Dardanus – Suite
Songs of the Auvergne [selection]
Lignes de fuite [UK premiere]
Mussorgsky, orch. Henry Wood
Pictures at an Exhibition
Anna Caterina Antonacci (soprano)
BBC National Orchestra of Wales
Reviewed by: Colin Anderson
Reviewed: 2 September, 2010
Venue: Royal Albert Hall, London
An eclectic and attractive programme covering several centuries of music – from Frenchman Jean-Philippe Rameau (1683-1764) to Argentinean Martin Matalon (born 1958).
A military drum shared the platform with François-Xavier Roth, for him to literally beat time, a suite of dances from Rameau’s “Dardanus” (1739) displaying exuberance and beauty, played here with dignity and style and with no incongruity between the music and the use of ‘modern’ instruments, although neither the ‘guest’ theorbo or baroque guitar were to be heard (not the first balance problems of the evening). You can’t go wrong with a selection from “Songs of the Auvergne”, compiled over a period of thirty years by Joseph Canteloube (1879-1957), soulful and evocative folksongs brought to concert-hall life through vivid and imaginative orchestrations.Anna Caterina Antonacci was in glorious voice, seductive (as befits a fine Carmen) and also capturing an earthy vitality ideal for these songs, as well as poignancy in ‘Baïlèro’, the one arrangement impossible to escape in any ‘Auvergne’ selection, and rightly so. Mention should be made of Robert Plane for his clarinet solo linking ‘Deux bourrées’, the orchestra as a whole playing with sensitivity and brio.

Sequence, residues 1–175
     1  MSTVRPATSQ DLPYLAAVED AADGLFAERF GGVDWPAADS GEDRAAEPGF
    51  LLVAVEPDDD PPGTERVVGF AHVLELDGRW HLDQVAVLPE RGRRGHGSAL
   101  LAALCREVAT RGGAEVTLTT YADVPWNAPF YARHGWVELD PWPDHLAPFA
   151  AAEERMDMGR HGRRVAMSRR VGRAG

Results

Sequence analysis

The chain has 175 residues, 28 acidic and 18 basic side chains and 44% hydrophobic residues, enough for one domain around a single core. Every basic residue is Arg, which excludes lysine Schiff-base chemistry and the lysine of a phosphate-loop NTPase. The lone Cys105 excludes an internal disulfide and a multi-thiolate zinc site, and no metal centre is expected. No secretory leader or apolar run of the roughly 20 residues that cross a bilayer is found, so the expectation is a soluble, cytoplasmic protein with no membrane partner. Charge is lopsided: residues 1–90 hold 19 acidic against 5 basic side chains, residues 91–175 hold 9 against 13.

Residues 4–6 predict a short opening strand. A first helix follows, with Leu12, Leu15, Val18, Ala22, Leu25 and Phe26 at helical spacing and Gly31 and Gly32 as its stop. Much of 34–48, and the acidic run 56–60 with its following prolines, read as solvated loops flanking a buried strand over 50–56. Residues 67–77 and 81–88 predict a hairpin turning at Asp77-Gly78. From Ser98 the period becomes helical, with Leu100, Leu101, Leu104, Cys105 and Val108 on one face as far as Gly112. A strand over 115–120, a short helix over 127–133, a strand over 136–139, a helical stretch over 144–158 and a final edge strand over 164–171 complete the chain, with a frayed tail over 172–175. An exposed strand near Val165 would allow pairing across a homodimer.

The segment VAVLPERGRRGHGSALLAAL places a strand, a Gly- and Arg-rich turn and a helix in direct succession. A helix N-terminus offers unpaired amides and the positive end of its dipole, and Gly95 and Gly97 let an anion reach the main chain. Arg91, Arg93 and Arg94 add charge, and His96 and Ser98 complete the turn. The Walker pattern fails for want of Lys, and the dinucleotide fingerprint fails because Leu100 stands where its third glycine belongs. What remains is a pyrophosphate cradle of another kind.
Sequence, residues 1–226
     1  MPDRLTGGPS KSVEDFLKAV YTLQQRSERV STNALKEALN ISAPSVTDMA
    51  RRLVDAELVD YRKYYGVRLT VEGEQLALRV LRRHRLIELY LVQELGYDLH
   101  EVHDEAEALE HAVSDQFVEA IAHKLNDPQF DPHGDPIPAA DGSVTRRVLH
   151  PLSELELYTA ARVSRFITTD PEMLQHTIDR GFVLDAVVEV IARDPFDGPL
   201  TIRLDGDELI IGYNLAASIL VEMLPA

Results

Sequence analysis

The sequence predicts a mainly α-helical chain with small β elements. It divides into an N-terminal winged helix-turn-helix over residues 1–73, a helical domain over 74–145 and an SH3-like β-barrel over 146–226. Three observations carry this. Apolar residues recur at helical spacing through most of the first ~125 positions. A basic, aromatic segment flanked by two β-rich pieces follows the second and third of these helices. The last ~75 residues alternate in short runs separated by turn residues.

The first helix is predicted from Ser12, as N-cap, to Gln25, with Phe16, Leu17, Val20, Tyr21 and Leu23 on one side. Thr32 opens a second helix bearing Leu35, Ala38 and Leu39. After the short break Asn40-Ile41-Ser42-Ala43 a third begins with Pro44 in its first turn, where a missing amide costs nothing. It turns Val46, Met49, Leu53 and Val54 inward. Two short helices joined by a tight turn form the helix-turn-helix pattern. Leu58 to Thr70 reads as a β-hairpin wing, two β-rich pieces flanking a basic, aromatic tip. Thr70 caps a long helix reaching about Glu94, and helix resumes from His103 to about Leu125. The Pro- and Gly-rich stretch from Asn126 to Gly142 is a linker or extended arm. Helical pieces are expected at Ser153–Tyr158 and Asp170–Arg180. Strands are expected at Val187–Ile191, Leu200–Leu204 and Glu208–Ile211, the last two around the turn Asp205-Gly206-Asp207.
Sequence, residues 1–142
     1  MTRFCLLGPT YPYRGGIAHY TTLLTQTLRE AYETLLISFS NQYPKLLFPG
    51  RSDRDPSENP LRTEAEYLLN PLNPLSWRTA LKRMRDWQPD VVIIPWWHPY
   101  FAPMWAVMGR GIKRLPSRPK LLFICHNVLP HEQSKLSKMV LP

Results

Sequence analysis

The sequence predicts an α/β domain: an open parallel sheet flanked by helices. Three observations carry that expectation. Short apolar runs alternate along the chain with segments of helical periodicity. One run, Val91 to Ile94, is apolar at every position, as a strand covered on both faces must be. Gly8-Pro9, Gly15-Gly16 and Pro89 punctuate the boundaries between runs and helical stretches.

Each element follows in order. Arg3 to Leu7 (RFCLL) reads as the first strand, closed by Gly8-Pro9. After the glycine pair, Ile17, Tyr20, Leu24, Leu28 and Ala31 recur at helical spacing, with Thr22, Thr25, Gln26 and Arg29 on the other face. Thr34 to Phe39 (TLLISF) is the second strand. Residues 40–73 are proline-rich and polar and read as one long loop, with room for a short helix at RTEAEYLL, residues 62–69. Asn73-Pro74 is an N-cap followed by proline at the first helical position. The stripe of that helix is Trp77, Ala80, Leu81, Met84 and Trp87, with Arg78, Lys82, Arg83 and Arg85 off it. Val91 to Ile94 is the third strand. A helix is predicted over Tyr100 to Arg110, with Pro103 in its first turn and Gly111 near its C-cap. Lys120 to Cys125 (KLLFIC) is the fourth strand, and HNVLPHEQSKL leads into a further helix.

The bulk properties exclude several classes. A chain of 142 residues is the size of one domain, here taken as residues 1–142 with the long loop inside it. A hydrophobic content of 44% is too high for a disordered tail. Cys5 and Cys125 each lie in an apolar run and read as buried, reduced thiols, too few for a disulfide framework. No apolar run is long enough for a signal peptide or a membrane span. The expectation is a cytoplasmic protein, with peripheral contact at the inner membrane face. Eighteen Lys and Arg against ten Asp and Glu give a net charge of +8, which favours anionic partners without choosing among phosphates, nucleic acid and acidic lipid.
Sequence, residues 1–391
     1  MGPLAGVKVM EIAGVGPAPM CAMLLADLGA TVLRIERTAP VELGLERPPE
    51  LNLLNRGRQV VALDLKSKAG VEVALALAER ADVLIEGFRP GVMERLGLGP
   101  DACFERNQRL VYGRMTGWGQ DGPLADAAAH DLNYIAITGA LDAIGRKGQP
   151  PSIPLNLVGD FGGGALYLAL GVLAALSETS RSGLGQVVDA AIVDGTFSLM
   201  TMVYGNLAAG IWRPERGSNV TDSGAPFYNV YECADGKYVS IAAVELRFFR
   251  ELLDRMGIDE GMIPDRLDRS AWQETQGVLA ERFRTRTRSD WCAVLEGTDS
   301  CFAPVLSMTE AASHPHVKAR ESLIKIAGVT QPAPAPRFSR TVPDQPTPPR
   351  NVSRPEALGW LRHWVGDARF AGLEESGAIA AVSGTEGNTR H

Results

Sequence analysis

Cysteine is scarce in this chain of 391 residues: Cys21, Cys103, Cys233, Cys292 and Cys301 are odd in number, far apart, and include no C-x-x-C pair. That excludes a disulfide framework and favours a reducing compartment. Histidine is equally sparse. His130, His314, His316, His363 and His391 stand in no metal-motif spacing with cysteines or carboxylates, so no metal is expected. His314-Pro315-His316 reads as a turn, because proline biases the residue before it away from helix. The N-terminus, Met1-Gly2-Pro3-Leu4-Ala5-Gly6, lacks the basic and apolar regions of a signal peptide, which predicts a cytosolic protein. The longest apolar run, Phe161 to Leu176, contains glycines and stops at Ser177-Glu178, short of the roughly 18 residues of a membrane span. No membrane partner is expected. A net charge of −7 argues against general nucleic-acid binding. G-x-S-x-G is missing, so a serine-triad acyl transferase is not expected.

As it also needed to do in Martin Matalon’s Lignes de fuite (2007), somewhat ‘electronically’ orchestrated and with in-built resonance, music that seemed initially too concerned with effects and colour, and not substance, yet over its 16-minute course a long-term strategy emerges that engrosses and leads to a thrilling accumulation, the orchestra (hard-hitting and iridescent) an unstoppable force, the closing bars turning into an unexpected direction, the ‘converging lines’ maybe split asunder.
François-Xavier Roth conducted Matalon’s memorable piece with the utmost conviction, reciprocated by BBCNOW in the presence of the composer, and this commanding partnership then gave an over-the-top account of Henry Wood’s 1915 orchestration of Pictures at an Exhibition (post-dating that by Mikhail Tushmalov, 1891, but preceding the now-ubiquitous one by Ravel – given Mussorgsky was content with the piano and doesn’t seem to have harboured thoughts of another medium, ‘Pictures’ has spawned a remarkable number of diverse arrangements).
Wood is more daring than Ravel, adding and subtracting, foreshortening and distending, ironically cutting all the ‘Promenades’ save the opening one and using a large orchestra in Technicolor terms (Hollywood then but a twinkle in the eye) and in styles from ‘Hammer Horror’ (again Wood ahead of his time, if sometimes risible) to exquisite impressionism. Delete the heralding trumpet solo that Ravel left us, and his later saxophone melody, but insert an off-stage euphonium, more bells than seems decent, and an organ to give that final flourish.
The performance was as vibrant as could be wished, but the trumpets (five by the end) were constantly too loud and detrimental to other instruments (strings submerged at times) but the exotic rhythm of the small hand-played drum in ‘The Old Caste’ was virtually inaudible. Great fun though, Wood’s extravagance given full vent (more than the instruments of his day would have been capable of) and at times more than even the Royal Albert Hall needs, but, most of all, a testimony to Sir Henry Wood, a remarkable and indefatigable musician.